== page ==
Thy Will Be Done!

At the end of the Canon of the Mass, the priest introduces the Paternoster with these words: “Admonished by salutary precepts, and taught by the divine example, we make bold to say:” And then he begins the Our Father, the most perfect of prayers, given to us by the Saviour himself.  But did we ever wonder about that introduction?  Why do we have to be admonished by God to say the Our Father?  Why do we need to “make bold” in order to say it?

There’s a very good reason that it requires boldness and courage to say the Our Father, at least if we mean what we say when we say it.  Or do the words “Thy will be done, in earth as it is in heaven” mean nothing to us?  Are they just sounds we utter into the air, like the barking of a dog or the squealing of a pig?  Are our prayers so inconsequential to us that we can mindlessly pray for something we don’t want?

“Thy will be done.”  When I pray these words, do I realize what I’m asking for?  I am making the supplication to God that things in this life will not necessarily go according to the way I want them to, that I won’t always get what I want.  I am literally begging God not to grant my every wish as though he were some fairytale genie in a bottle.  Instead, I am renouncing my own will, and beseeching God that His will be done instead.  And once we’re aware what God’s will is, it very often takes a lot of courage and boldness to accept it.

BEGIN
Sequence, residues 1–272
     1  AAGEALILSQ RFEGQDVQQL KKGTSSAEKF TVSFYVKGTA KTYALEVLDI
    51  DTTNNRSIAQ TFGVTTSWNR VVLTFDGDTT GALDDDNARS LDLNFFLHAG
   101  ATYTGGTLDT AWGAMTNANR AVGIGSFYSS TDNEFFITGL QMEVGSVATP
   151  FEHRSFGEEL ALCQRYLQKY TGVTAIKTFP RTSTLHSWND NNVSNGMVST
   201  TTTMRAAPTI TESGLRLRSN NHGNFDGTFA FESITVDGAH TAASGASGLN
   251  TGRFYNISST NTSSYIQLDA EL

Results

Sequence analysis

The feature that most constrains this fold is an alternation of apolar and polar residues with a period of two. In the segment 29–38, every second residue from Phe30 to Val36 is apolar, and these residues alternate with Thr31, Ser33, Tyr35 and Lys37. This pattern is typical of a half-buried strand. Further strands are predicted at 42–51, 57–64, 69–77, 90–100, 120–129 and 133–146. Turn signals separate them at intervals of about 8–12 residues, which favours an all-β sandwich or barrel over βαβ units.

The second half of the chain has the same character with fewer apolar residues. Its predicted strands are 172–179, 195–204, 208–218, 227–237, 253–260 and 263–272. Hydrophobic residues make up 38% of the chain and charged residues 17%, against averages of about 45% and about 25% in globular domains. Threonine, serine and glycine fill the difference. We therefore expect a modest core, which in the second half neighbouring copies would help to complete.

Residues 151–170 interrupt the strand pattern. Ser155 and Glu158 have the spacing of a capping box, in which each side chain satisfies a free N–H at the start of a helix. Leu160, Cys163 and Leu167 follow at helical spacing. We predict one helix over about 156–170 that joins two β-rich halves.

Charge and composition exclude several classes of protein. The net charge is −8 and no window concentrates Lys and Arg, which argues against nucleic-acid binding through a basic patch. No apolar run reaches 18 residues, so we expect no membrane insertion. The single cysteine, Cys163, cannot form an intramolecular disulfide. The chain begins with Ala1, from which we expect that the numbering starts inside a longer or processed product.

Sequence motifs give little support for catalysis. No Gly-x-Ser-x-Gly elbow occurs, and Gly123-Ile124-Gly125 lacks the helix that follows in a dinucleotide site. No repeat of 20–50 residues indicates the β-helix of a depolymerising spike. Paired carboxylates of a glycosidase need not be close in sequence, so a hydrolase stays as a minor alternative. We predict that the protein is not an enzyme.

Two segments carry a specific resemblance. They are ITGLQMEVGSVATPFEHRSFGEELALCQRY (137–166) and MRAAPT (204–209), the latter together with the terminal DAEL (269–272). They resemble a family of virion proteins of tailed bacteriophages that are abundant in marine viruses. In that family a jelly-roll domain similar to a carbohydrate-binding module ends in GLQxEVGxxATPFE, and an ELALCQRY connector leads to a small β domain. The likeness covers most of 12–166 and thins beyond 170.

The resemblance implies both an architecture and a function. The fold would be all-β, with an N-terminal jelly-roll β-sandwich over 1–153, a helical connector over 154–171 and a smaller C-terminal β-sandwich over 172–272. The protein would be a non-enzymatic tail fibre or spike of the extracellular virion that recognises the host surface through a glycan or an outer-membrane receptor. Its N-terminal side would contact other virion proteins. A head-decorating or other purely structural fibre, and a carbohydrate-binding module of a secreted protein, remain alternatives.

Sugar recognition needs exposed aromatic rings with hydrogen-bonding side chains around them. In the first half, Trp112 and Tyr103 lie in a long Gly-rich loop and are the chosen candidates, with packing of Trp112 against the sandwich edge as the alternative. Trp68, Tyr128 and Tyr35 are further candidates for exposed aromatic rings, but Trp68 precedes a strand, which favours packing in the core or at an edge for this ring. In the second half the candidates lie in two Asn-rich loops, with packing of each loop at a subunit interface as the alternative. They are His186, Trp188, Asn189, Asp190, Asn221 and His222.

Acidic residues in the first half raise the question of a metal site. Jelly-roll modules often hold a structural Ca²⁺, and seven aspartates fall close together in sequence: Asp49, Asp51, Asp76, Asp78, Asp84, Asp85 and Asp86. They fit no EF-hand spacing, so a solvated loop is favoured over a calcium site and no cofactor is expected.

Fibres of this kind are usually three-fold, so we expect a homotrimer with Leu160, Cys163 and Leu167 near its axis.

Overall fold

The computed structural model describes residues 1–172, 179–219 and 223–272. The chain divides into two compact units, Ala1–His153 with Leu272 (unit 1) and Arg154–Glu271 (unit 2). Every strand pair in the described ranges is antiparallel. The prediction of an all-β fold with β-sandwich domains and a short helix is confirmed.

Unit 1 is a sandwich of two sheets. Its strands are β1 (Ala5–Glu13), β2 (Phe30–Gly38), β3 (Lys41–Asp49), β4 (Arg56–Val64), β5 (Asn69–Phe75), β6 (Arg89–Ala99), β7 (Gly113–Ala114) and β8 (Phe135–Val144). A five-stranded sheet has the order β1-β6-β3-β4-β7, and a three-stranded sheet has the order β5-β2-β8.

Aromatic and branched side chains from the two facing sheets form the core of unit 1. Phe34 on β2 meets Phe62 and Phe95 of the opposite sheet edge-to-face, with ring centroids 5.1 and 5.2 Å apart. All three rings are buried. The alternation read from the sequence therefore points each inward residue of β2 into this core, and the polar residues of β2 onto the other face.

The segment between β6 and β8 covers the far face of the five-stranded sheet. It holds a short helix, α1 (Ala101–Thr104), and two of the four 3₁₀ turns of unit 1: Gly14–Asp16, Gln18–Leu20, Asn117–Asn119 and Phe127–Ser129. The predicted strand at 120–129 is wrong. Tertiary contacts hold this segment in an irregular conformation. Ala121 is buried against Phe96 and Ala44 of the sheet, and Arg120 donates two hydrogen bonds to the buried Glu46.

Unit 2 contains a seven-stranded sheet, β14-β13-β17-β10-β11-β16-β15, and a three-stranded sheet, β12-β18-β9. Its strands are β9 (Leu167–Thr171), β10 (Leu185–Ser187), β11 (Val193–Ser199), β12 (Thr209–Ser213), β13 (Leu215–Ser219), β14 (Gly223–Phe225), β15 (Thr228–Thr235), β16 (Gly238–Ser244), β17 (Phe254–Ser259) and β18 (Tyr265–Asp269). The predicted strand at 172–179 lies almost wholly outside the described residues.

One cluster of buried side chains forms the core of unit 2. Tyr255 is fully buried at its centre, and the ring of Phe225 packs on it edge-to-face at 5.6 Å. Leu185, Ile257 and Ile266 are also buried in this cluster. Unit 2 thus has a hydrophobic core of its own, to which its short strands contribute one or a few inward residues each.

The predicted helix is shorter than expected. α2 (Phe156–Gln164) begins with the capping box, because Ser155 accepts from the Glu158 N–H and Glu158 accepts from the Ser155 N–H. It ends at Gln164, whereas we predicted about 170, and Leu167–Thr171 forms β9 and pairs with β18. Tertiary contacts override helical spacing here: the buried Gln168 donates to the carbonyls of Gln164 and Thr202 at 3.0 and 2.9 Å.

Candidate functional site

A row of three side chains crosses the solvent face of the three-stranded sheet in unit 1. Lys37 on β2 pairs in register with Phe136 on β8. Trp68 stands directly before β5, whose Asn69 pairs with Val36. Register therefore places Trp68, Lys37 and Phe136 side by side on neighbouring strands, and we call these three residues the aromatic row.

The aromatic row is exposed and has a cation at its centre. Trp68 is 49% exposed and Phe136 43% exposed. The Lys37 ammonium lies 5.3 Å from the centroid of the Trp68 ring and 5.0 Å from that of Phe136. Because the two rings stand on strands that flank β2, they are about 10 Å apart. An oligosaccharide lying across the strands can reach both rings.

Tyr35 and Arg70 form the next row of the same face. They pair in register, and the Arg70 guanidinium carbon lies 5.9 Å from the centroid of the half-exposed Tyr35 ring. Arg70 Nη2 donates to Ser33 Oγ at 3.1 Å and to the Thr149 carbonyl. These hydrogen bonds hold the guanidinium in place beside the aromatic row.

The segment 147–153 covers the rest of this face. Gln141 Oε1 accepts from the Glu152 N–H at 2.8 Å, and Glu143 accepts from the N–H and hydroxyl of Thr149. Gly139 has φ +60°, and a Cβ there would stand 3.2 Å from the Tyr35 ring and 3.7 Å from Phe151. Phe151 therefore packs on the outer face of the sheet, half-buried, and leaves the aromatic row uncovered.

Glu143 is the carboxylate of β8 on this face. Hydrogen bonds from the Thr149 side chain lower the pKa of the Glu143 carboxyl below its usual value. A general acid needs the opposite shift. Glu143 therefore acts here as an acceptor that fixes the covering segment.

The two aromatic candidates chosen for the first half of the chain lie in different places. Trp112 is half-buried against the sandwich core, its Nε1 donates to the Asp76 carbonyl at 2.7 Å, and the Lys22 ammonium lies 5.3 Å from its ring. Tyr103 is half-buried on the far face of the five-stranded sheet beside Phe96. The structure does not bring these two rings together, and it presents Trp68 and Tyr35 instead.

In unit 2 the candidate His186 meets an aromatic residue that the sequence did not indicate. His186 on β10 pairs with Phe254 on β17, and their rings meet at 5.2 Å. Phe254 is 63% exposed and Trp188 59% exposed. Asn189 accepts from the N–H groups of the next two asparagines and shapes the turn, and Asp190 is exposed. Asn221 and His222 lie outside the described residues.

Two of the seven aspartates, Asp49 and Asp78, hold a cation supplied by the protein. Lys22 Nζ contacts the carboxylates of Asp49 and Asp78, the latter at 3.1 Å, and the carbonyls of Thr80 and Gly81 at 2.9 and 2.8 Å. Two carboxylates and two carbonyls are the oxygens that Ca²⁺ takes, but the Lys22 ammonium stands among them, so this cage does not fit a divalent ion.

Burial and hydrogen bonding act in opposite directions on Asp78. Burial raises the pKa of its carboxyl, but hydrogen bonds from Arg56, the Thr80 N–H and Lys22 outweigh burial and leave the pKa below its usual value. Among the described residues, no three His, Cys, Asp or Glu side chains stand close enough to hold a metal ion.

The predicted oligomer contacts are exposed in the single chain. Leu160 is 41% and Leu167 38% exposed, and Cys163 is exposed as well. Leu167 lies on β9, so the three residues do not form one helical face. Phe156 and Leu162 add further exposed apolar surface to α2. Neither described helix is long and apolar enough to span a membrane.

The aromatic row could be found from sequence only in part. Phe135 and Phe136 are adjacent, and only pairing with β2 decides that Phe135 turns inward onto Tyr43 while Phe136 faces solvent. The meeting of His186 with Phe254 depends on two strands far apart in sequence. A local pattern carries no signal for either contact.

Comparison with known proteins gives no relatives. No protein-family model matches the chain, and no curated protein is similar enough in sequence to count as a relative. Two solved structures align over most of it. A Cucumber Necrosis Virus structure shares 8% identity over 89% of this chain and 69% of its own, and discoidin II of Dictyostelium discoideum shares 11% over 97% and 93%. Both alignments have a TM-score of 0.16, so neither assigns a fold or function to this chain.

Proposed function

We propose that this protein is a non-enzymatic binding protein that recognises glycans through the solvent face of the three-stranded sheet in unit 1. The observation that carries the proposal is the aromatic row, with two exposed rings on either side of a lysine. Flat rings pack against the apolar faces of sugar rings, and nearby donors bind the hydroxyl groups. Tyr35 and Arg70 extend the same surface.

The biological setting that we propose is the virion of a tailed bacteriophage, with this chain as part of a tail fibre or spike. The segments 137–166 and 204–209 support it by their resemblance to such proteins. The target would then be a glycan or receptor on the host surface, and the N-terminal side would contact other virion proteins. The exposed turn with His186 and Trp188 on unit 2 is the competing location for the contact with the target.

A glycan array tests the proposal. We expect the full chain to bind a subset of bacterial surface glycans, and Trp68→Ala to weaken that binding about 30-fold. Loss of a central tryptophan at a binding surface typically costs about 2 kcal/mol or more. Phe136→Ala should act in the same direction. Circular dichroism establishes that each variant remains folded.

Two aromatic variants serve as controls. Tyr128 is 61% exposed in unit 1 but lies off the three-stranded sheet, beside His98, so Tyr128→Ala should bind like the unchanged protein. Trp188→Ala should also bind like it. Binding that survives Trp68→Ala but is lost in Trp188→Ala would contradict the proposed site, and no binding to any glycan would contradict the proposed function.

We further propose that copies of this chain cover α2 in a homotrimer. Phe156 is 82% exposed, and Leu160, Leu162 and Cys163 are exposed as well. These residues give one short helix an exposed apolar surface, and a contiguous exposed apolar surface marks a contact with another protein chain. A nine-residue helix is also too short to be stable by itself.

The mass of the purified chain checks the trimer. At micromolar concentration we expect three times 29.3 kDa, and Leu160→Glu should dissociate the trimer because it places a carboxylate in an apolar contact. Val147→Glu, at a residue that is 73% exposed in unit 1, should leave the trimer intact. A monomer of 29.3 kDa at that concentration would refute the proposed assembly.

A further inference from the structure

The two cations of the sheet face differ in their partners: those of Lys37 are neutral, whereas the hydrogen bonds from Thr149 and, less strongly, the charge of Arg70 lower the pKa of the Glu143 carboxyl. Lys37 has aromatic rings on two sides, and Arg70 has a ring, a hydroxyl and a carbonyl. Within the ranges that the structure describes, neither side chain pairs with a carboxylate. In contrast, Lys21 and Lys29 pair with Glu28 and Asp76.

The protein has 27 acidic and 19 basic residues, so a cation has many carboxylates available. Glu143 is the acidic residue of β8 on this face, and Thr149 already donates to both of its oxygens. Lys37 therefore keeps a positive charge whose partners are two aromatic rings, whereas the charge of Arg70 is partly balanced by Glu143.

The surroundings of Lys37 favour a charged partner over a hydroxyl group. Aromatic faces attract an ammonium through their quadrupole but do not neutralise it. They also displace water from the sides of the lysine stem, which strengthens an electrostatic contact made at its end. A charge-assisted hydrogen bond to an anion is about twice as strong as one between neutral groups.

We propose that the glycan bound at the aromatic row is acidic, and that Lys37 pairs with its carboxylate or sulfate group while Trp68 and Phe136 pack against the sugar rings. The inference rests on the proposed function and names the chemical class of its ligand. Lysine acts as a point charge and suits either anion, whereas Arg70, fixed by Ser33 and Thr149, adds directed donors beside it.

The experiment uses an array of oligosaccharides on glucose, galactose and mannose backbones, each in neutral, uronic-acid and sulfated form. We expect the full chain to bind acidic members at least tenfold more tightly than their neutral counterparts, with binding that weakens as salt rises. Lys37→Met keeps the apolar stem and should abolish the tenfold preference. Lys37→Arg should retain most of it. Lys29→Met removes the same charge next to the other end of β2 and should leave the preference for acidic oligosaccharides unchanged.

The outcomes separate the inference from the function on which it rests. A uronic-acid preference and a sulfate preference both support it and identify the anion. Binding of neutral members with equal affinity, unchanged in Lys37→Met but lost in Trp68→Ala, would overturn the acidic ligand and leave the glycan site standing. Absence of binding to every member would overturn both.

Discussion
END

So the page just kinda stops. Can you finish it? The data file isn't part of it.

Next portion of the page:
We have two very good examples in the First Joyful and First Sorrowful Mysteries of the Rosary.  At the Annunciation, our blessed Lady gives up any plans she may have had for her life and abandons herself to divine Providence: “Be it done unto me according to thy will.”  And in the Garden of Gethsemane, the human side of our Saviour anticipates the horrors of the Crucifixion and is so repulsed by what he must endure that he asks, “Father, if thou be willing, remove this cup from me: nevertheless not my will, but thine, be done.”

In my opinion, these are the two most difficult decades of the Rosary to pray with conviction. They are difficult because they demand the same response from us, no matter what terrible sufferings the future may hold.  Only by following what our Saviour taught us through his divine example, can we indeed summon up the courage and make bold to say “Our Father, which art in heaven, hallowed be thy Name, thy kingdom come, thy will be done!”

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